Spotlight on Luke Jennings

In response to Judith Mackrell’s announcement that she was leaving The Guardian, we wrote a post on British ballet critics now and then, comparing her writing with that of previous Guardian critics James Kennedy and Mary Clarke.  Disappointed as we were at Judith’s news, we were positively dismayed to discover that Luke Jennings was also giving up his role as dance critic of The Observer: two great dance writers gone in a single year…

Obviously we wanted to acknowledge Luke’s departure from The Observer in a similar way, but thought it would be interesting for our readers to learn something about his own thoughts on his role as a dance critic, his approach to writing and the decisions he makes when composing his reviews, as well as our views.  Rosie spoke to him in December, shortly after he had made public his resignation. 

From the start of the conversation Luke made it very clear that as a dance writer it is crucial to him to “transmit the essence of the experience of watching”. This is an idea that recurred through the course of the conversation, because the essence of the experience of watching ballet depends to a large extent on the type of work being performed. In Kenneth MacMillan’s Romeo and Juliet, for example, the figure of Juliet is absolutely vital to the identity of the work, driving the action of the ballet as she does. Therefore, paying close attention to the ballerina’s performance is essential if the writer intends to create an impression of watching this ballet.  And in fact for us, the way in which Luke manages to bring dancers to life on the page is probably the most compelling aspect of his writing.  Take for example this ravishingly evocative description of Tamara Rojo as Juliet:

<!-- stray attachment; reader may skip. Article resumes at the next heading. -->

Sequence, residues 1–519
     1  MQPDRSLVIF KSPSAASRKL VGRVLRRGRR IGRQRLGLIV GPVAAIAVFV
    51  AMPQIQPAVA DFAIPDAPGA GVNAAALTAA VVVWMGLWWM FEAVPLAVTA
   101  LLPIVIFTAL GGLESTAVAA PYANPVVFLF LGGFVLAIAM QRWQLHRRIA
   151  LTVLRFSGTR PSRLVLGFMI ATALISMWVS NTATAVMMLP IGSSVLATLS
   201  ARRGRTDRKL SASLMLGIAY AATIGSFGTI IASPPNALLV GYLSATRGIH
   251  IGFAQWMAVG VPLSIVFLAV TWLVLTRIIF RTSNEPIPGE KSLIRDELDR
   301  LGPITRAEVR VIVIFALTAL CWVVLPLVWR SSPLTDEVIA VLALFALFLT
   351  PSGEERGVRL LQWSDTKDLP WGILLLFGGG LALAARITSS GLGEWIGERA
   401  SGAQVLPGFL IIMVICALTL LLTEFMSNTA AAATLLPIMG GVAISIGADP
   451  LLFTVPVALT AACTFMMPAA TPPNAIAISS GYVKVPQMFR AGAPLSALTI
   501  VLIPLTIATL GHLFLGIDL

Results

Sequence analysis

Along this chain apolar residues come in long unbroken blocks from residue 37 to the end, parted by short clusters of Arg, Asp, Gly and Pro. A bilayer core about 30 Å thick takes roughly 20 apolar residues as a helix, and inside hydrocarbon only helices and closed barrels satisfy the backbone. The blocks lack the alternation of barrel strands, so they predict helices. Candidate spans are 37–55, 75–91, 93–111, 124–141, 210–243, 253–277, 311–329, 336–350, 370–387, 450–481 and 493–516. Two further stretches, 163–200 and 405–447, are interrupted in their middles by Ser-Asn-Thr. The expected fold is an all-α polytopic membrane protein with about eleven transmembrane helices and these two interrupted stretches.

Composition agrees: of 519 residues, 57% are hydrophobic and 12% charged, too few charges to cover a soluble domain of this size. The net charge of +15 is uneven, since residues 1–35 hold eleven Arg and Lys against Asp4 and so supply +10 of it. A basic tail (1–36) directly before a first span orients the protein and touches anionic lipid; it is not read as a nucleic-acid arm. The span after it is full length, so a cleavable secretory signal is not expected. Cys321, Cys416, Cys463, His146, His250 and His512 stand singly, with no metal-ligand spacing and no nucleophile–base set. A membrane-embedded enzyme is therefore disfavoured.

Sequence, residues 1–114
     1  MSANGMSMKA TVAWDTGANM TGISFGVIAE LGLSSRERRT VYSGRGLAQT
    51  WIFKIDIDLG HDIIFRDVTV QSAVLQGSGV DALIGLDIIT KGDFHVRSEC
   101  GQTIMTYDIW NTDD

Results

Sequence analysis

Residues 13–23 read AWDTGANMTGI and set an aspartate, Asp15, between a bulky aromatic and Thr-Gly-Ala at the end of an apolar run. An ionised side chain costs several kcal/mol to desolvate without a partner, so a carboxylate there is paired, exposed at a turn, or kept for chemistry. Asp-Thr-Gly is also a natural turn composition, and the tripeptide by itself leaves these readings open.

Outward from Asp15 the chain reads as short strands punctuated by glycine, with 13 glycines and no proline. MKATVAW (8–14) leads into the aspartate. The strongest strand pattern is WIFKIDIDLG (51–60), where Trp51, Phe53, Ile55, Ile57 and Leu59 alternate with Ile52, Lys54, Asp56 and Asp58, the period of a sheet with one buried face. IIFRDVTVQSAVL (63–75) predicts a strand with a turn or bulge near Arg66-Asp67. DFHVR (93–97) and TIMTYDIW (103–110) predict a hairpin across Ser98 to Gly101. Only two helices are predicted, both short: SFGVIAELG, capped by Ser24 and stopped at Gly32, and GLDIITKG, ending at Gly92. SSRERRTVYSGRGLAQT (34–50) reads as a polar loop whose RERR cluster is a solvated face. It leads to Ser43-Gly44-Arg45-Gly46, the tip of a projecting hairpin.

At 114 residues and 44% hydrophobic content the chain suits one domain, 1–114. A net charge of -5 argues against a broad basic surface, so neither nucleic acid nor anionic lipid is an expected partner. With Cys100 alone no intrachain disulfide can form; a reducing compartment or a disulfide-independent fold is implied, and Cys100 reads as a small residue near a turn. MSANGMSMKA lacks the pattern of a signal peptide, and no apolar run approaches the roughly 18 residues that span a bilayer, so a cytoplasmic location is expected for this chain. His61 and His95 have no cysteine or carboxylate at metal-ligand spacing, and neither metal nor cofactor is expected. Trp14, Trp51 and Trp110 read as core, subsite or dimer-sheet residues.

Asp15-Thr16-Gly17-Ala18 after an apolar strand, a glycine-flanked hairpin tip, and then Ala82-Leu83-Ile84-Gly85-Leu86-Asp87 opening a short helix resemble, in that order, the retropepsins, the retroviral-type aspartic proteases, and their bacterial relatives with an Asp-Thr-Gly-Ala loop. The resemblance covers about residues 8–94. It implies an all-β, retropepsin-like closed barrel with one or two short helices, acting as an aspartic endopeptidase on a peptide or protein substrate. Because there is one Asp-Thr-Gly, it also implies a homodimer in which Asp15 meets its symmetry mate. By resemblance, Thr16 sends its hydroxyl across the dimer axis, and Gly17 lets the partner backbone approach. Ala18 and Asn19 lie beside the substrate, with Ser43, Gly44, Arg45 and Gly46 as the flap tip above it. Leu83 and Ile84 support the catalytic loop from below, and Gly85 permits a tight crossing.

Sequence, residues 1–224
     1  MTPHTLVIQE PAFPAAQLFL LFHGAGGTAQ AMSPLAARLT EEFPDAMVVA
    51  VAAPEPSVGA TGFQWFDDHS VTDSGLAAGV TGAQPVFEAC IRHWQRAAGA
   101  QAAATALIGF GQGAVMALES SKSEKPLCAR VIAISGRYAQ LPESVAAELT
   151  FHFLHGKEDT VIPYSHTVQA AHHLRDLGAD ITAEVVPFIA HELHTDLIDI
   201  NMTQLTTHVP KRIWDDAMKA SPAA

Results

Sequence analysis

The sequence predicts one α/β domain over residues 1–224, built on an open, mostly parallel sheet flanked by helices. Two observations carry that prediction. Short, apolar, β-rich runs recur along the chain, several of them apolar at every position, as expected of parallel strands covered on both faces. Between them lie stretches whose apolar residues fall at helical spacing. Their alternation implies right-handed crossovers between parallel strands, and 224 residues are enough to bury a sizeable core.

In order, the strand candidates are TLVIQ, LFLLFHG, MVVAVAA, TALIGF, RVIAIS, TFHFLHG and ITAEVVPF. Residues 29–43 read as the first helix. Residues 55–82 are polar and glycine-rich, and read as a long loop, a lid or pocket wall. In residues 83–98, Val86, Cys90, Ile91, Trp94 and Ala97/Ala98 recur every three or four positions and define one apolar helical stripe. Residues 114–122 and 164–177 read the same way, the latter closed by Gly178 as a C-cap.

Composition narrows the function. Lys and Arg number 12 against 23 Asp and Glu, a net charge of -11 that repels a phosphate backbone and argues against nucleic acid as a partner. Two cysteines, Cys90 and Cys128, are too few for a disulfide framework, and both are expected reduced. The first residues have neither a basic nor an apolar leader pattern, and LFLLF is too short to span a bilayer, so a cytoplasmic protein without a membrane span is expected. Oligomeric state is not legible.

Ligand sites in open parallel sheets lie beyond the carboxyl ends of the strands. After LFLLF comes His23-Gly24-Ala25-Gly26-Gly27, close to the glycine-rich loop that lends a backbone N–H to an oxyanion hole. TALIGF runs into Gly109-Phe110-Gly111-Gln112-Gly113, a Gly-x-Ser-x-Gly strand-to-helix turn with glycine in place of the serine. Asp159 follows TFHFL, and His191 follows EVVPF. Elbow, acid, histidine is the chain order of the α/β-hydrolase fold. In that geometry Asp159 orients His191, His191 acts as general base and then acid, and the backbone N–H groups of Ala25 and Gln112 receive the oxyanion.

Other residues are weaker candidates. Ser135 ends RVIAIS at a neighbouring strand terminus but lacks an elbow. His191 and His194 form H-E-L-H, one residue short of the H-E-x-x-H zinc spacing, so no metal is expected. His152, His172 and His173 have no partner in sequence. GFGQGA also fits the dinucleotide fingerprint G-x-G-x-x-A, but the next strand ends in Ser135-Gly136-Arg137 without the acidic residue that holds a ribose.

Tamara Rojo’s Juliet, meanwhile, is a creation of gentle and shimmering transparency. Like the surface of a lake, she seems to register every tremor, every whisper of breeze. At times, as in the balcony scene, she seems to phrase her dancing with her racing heartbeat; at others, as when Carlos Acosta’s Romeo leaves her alone in the bedroom, the light visibly ebbs from her body. (“Step into the Past”)

The images of light, air and water in this passage create a sense that Juliet’s encounter with Romeo has awoken something elemental within her, setting her aglow with new life, so that she becomes sensitive to everything around her. We see her light up the stage with her new-found love.  The rhythm of the language, with the repetition of “every” pushing the sentence forward, echoes the exhilaration that makes her heart beat so fast.  The parallel structure of the final sentence emphasises the stark contrast between “her racing heartbeat” with its vivid sense of movement, and the disappearance of light and movement at the close of the paragraph. 

Unexpectedly, a considerable amount of time was spent on discussing narrative in ballet.  However, in truth this should hardly have come as a surprise: concern for narrative clarity, logic and cogency are a theme that runs through Luke’s writing.  This can be seen, for example, in his initial comments on Akram Khan’s Giselle (“A Modern Classic in the Making”), and more recently in his review of Alastair Marriott’s The Unknown Soldier (“The Unknown Soldier”), in which he discusses in some detail problems that can occur when storytelling in ballets lacks consistency and logic.